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PHOENIX — Jan. 16, 2014 — Researchers have found that using telemedicine to deliver stroke care, also known as telestroke, appears to be cost-effective for society. The research was recently published in the American Journal of Managed Care.
In telestroke care, the use of a telestroke robot allows a patient with stroke to be examined in real time by a neurology specialist elsewhere who consults via computer with an emergency room physician at another site which may not have neurology specialists (typical rural hospitals). Mayo Clinic provides telestroke care by acting as a single source of specialized care – a hub – to connect a network of multiple hospitals – spokes.
"This study shows that a hub-and-spoke telestroke network is not only cost-effective from the societal perspective, but it's cost-saving,” says neurologist Bart Demaerschalk, M.D., director of the Mayo Clinic Telestroke Program, and the lead investigator of the telestroke cost effectiveness study. “We can assess medical services, like telemedicine, in terms of the net costs to society for each year of life gained."
The study estimates that compared with no network, a modeled telestroke system consisting of a single hub and seven spoke hospitals may result in the appropriate use of more clot-busting drugs, more catheter based interventional procedures and other stroke therapies, with more stroke patients discharged home independently. Despite upfront and maintenance expenses, the entire network of hospitals realizes a greater total cost savings.
When comparing a rurally located patient receiving routine stroke care at a community hospital, a patient treated in the context of a telestroke network incurred $1,436 lower costs and gained 0.02 quality-adjusted life-years over a lifetime.
The improvement in outcomes is associated with reduced resource use (inpatient rehabilitation, nursing homes, caregiver time). Although treating patients in a telestroke network is associated with higher upfront costs due to the setup of the telestroke network and more costly treatments during the initial hospitalizations, it can potentially lead to cost savings over a lifetime.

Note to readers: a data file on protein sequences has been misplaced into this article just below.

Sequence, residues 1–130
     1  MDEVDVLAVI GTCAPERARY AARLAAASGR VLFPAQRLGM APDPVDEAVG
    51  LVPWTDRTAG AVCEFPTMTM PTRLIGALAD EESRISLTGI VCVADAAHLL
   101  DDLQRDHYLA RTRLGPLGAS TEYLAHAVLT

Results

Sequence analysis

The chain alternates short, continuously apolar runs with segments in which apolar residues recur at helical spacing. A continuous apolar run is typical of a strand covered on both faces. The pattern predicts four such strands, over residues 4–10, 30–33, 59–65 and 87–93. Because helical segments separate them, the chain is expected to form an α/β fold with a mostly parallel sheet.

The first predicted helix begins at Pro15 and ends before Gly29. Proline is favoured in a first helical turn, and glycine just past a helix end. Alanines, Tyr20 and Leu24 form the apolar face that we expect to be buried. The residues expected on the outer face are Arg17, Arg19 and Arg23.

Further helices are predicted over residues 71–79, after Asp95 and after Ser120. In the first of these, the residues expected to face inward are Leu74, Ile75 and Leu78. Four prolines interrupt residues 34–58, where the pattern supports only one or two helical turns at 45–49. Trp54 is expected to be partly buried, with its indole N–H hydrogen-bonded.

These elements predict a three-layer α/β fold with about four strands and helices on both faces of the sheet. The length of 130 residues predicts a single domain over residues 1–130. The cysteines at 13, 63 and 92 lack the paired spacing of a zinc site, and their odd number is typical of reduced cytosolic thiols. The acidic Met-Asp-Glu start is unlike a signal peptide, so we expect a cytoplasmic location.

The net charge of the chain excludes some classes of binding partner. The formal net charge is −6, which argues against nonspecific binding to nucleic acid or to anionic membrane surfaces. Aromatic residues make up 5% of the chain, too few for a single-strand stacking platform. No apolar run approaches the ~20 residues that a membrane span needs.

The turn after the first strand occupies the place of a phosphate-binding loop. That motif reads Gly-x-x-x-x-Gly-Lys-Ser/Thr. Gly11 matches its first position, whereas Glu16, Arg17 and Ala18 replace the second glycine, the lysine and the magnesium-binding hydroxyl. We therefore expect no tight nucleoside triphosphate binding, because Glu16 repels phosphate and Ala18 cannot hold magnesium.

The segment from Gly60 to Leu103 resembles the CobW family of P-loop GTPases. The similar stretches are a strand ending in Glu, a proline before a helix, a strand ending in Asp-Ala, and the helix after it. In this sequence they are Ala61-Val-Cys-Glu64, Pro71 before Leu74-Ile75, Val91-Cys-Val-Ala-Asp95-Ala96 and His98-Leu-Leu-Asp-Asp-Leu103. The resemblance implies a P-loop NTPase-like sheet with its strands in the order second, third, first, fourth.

“The results serve to inform government organizations, insurers, healthcare institutions, practitioners, patients, and the general public that an upfront investment in telemedicine and stroke network personnel can be justified in our health system,” Dr. Demaerschalk says.
The study was conducted by researchers at Mayo Clinic, Georgia Health Sciences University, Analysis Group.
Mayo Clinic was the first medical center in Arizona to do pioneering clinical research to study telemedicine as a means of serving patients with stroke in nonurban settings, and today serves as the hub in a network of 13 spoke centers. Since the telestroke program began more than 4,000 emergency consultations for stroke between Mayo stroke neurologists and physicians at the spoke centers in Arizona have taken place. Mayo Clinic Telestroke is represented nationally, with hubs in Arizona, Florida, and Minnesota and serves more than 20 healthcare institutions in seven states.
Disclosures: Authors Drs. Jeffery Switzer and Demaerschalk have served as consultants for Genentech, Inc. Authors L. Fan and Drs. J. Xie and E. Wu are employees of the Analysis Group, which received funding from Genentech, Inc. Author K.F. Villa is an employee of Genentech, Inc.
About Mayo Clinic
Recognizing 150 years of serving humanity in 2014, Mayo Clinic is a nonprofit worldwide leader in medical care, research and education for people from all walks of life. For more information, visit 150years.mayoclinic.org, www.mayoclinic.org and newsnetwork.mayoclinic.org.
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